Education minister opposes closures as Pakistani schools shut again for flouting coronavirus rules

Students wearing facemasks attend a class at a government school in Lahore on September 15, 2020 after the educational institutes were reopened nearly six months after the spread of the Covid-19 coronavirus. (AFP)
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Updated 20 September 2020

Education minister opposes closures as Pakistani schools shut again for flouting coronavirus rules

  • Dozens of schools were closed in the past few days due to noncompliance with health protocols
  • Pakistan’s infection figures are increasing again after a steady decline between June and late August

ISLAMABAD: Federal Education Minister Shafqat Mahmood said on Saturday that any hasty decision to close down schools will "destroy education," after dozens of institutes across Pakistan shut down again for failing to follow coronavirus precautions.
The minister's words came a day after authorities in Sindh province decided to delay the reopening of secondary schools over fears of the spread of COVID-19. Educational institutions across the country started to reopen on Sept. 15. All schools were closed in March when the government enforced a nationwide lockdown to contain the pandemic.
The six-month closure "deeply affected the students," Mahmood said in a Twitter post. "Decision to open was taken with great care. Any hasty decision to close will destroy education."

 

 

The National Command and Operation Centre (NCOC) announced on Friday that another 13 educational institutions — 10 in Khyber Pakhtunkhwa and three in Sindh — were closed due to “non-compliance with health protocols and disease prevalence.” Also on Friday, Balochistan education department closed two high schools after several students tested positive for COVID-19. On Thursday, 22 schools were sealed in Khyber Pakhtunkhwa, Islamabad and Azad Kashmir.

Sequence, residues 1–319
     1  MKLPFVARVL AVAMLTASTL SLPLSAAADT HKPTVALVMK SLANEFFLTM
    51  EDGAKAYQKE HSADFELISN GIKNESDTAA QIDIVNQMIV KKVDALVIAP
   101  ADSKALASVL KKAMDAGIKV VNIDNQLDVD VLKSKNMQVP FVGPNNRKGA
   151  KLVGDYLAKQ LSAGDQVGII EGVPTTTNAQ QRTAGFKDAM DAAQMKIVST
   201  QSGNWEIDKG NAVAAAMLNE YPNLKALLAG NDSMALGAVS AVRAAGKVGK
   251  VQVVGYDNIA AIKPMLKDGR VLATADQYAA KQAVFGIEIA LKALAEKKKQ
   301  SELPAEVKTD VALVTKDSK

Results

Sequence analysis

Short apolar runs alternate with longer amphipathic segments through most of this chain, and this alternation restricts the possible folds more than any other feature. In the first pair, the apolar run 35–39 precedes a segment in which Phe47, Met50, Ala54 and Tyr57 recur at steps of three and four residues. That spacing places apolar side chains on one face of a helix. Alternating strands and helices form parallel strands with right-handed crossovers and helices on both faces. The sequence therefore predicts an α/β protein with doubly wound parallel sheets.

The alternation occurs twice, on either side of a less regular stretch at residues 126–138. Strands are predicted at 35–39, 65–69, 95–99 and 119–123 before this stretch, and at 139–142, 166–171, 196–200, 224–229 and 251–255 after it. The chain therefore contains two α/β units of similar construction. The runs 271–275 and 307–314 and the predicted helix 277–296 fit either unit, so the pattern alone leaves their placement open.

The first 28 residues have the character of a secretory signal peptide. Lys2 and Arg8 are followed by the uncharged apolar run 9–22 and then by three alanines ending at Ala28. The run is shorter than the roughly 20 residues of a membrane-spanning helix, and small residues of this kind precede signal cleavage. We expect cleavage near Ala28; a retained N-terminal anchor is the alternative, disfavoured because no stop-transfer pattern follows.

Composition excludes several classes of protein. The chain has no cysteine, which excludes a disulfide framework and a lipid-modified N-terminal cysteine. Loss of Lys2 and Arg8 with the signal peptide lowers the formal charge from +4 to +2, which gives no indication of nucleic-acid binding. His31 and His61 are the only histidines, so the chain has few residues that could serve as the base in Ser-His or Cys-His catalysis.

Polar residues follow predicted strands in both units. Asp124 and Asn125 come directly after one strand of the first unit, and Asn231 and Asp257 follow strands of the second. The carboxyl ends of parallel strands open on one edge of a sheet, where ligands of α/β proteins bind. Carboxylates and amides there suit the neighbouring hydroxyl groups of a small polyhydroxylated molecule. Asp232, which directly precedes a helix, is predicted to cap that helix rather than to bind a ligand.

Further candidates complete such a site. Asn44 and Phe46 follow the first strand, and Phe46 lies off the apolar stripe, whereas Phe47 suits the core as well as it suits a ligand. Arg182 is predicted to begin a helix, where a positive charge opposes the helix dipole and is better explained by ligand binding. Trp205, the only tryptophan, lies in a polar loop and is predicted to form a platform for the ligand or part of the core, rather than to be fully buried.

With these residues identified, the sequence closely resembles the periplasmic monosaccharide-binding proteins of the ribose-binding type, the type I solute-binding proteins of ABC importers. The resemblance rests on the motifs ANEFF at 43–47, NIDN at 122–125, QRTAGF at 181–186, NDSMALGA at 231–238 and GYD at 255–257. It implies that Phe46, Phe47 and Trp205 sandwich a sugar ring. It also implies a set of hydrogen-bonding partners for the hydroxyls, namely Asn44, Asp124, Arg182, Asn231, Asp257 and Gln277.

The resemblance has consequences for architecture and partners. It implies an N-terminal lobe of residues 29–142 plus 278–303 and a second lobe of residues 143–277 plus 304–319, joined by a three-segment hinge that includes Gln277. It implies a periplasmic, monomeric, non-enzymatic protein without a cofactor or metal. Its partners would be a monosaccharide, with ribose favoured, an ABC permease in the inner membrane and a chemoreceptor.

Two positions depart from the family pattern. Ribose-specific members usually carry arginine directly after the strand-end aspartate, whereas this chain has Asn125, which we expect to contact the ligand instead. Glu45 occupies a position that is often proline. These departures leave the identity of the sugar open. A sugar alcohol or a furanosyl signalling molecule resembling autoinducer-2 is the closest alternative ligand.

Pakistan Medical Association (PMA) has warned last week that the government was "taking a huge risk" by reopening schools.
“The government should make antibody tests for school staff compulsory to check the infection before the reopening,” PMA secretary general Dr. Qaiser Sajjad told Arab News on Sept. 12, as he warned that school staff and students could become virus carriers.
Pakistan’s infection figures are increasing again after a steady decline between June and late August.
At least 645 people have tested positive for the coronavirus during the past 24 hours. Over 305,000 people have contracted the virus in Pakistan since the beginning of the outbreak and 6,415 have succumbed to the disease.


Pakistan condemns deadly attack at education center in Kabul

Updated 24 October 2020

Pakistan condemns deadly attack at education center in Kabul

  • Daesh reportedly claim responsibility for attack on educational center in western Kabul
  • Uptick in deadly violence has been observed in Afghanistan despite ongoing intra-Afghan peace talks

ISLAMABAD: Pakistan has condemned the suicide attack that killed at least 18 people at an educational center in the Afghan capital on Saturday.

The attack happened late afternoon at the center which offers higher education training in a western district of Kabul. At least 57 people were injured in the attack, the interior ministry said. According to media reports, Daesh claimed responsibility for the assault in a post on Telegram.

"Pakistan condemns in the strongest possible terms the inhuman terrorist attack outside an educational center in Dasht-e-Barchi area of Kabul," Pakistan's Foreign Office said in a statement.

"Pakistan condemns terrorism in all its forms and manifestations and will continue to support a peaceful and stable Afghanistan."

The suicide attack came hours after a roadside bomb killed nine civilians east of Kabul. Officials blamed the Taliban for the roadside attack.

An uptick in deadly violence has been observed in Afghanistan despite ongoing peace talks between the Afghan government and the Taliban to yield a lasting peace and end decades of conflict in the war-torn country.

The Taliban have been accused of increasing violence to wield leverage in the negotiations.

On Friday, rights group Amnesty International said at least 50 people had been killed in attacks in the preceding week, accusing the Taliban and Kabul of failing to protect civilians.